Antlers, furs of illegally killed wildlife in Utah to be sold at auction
Salt Lake City — An auction will be held later this month to sell hundreds of antlers and furs that Utah Division of Wildlife Resources conservation officers have seized during poaching investigations or otherwise got possession of during the past six years.
A public preview for the auction will be held on Monday, April 25, from 2–6 p.m. at the Lee Kay Public Shooting Range at 6000 W. 2100 South in Salt Lake City. The public is invited to do a walk-through to see the hundreds of antlers, dozens of bobcat furs and various other items — including some forfeited bows and traps — that will be auctioned.
The auction will be held online through the TNT Auction website starting the afternoon of April 25 and will close April 26. Anyone interested in bidding on an item must pre-register on the TNT Auction website prior to the start of the auction. All items must be paid for and removed from the Lee Kay Public Shooting Range facility grounds, by 7 p.m. April 26.
These auctions have been happening for several decades, and are typically held every four years. However, this one was postponed due to COVID-19 concerns. The last antler auction was held in 2016.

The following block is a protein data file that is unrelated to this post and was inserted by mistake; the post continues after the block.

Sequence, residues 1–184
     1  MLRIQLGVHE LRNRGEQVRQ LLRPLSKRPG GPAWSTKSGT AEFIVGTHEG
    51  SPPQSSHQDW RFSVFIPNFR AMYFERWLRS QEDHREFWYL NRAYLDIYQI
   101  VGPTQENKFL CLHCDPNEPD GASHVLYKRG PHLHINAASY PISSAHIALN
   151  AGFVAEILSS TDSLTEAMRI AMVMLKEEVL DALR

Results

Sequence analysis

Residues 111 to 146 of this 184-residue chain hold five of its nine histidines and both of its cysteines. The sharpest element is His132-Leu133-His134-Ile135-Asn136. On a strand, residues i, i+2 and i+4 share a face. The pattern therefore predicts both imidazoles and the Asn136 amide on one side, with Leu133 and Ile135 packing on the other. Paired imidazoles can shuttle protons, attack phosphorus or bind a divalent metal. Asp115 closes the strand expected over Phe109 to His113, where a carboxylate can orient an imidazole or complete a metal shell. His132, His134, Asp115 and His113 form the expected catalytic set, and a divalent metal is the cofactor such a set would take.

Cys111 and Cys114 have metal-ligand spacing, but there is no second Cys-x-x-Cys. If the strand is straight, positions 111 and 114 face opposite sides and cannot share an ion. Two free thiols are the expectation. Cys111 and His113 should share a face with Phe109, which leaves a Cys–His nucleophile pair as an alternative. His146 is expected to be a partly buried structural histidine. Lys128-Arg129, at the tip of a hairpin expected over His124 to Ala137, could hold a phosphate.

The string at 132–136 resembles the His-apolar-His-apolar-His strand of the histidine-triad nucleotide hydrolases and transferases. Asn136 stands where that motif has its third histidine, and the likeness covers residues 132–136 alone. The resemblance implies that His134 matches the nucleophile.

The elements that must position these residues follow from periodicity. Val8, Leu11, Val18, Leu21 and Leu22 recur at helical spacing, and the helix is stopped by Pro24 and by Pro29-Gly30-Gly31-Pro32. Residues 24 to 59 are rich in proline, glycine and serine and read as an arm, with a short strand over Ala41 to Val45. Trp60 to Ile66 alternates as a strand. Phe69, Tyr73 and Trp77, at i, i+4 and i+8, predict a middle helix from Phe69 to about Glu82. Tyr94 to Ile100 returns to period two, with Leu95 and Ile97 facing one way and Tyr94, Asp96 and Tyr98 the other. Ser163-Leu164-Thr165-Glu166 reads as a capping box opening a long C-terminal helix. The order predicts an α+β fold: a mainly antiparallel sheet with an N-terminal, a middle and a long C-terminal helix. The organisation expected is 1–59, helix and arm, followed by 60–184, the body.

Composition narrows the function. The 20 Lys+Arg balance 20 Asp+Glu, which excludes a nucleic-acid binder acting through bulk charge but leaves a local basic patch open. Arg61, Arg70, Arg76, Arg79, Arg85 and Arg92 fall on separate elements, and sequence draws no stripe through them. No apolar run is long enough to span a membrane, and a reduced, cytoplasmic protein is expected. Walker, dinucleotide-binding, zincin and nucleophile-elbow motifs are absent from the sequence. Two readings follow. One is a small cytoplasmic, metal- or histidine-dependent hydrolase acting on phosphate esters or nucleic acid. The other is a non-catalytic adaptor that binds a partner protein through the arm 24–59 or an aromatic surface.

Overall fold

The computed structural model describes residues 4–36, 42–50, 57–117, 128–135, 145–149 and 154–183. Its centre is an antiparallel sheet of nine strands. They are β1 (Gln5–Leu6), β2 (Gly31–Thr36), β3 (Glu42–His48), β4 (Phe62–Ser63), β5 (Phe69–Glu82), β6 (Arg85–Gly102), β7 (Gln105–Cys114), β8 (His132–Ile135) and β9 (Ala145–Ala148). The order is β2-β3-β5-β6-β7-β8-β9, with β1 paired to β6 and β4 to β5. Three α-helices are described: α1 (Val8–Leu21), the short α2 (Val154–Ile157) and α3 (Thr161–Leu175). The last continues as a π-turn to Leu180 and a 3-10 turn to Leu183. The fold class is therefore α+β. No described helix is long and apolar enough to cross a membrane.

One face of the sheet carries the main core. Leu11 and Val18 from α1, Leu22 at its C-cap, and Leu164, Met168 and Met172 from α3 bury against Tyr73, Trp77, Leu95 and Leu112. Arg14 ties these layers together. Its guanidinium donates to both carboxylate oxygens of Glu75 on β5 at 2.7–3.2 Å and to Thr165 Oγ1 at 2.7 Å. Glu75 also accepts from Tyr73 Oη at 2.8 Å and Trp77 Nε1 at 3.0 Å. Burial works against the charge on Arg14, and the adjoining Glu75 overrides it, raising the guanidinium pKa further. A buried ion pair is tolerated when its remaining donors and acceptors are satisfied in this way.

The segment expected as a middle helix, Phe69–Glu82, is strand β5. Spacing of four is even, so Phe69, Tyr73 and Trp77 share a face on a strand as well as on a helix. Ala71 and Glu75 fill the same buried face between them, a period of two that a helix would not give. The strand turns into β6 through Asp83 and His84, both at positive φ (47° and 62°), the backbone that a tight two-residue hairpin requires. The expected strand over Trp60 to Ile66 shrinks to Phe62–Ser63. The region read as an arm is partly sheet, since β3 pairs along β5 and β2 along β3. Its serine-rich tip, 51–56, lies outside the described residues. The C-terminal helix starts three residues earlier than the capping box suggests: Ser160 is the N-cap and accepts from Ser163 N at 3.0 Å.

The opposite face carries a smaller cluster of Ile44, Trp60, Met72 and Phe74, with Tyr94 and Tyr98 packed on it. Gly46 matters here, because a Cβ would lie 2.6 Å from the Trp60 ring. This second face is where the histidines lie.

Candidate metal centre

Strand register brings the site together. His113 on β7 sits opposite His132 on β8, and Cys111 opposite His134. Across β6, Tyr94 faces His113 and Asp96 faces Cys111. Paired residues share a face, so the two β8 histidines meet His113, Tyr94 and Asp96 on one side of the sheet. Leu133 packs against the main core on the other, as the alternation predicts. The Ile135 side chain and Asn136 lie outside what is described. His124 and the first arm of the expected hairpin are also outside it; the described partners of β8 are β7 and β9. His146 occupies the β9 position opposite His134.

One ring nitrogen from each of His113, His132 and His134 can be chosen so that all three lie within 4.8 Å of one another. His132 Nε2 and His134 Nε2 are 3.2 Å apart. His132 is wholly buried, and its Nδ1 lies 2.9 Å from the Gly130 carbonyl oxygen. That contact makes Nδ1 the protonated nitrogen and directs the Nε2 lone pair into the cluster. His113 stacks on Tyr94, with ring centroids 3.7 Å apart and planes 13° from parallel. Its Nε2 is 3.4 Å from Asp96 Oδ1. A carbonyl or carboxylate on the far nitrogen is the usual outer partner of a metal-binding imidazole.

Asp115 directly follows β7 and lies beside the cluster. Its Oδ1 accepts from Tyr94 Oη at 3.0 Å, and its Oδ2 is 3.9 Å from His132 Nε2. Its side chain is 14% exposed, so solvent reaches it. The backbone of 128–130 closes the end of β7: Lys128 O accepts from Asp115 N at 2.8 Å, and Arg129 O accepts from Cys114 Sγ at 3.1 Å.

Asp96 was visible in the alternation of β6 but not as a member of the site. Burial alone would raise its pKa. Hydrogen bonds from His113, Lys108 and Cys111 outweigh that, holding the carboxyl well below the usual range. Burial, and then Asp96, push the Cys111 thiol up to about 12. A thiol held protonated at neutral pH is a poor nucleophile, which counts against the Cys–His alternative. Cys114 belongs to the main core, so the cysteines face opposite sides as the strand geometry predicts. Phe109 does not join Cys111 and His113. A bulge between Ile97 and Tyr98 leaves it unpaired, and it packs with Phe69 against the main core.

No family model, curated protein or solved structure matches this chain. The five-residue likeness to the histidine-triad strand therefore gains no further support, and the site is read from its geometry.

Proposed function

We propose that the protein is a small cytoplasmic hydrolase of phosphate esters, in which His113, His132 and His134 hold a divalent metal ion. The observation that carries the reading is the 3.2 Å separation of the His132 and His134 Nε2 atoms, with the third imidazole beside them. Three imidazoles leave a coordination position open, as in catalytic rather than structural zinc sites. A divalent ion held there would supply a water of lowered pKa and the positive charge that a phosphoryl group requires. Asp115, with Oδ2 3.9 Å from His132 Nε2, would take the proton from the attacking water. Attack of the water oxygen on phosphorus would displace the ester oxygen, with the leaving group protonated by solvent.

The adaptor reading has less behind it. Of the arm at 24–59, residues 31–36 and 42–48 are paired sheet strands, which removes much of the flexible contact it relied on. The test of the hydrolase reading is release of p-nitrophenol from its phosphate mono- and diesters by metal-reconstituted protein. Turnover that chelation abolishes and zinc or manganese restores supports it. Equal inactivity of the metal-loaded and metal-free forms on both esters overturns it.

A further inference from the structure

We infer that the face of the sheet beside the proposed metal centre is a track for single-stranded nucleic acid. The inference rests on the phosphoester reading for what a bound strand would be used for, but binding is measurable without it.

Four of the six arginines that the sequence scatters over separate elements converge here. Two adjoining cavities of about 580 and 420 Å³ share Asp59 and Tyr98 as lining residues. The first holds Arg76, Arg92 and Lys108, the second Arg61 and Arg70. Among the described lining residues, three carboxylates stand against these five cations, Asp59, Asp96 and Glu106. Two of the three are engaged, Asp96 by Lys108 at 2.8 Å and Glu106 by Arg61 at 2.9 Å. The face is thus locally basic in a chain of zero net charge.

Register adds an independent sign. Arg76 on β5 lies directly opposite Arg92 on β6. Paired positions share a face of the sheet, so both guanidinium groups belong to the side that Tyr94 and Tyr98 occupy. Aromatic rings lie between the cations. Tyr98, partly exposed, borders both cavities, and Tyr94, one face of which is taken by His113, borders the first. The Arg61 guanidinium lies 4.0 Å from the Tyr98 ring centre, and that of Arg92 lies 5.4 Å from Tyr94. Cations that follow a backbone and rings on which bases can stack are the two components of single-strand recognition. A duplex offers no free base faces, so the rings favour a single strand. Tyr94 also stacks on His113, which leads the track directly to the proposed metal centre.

The antlers will be sold by "lot," which may consist of one set of trophy-sized antlers or numerous small sets of antlers. Some of the antlers are individual antlers, but most are attached to the animal skull. The majority of the antlers are from deer and elk, but there are also antlers and horns from moose and pronghorn. Some taxidermy mounts will also be included in the auction.
Many of the items in the auction were seized as evidence during poaching investigations, and the individuals were court ordered to forfeit the items. Some of the antlers were taken from roadkill animals that were hit and killed by vehicles. All of the money raised from the auction goes toward funding wildlife conservation in Utah.
"It is quite a sight to see all of these antlers, but the sad reality is that the majority of them are evidence of illegally killed wildlife," DWR Capt. Chad Bettridge said. "Poaching steals that opportunity away from law-abiding hunters and other wildlife enthusiasts to enjoy these animals. On average, each of our conservation officers covers around 1,500 square miles in their patrol area. We need the public's help in enforcing wildlife laws, which help to maintain healthy wildlife populations for future generations to enjoy."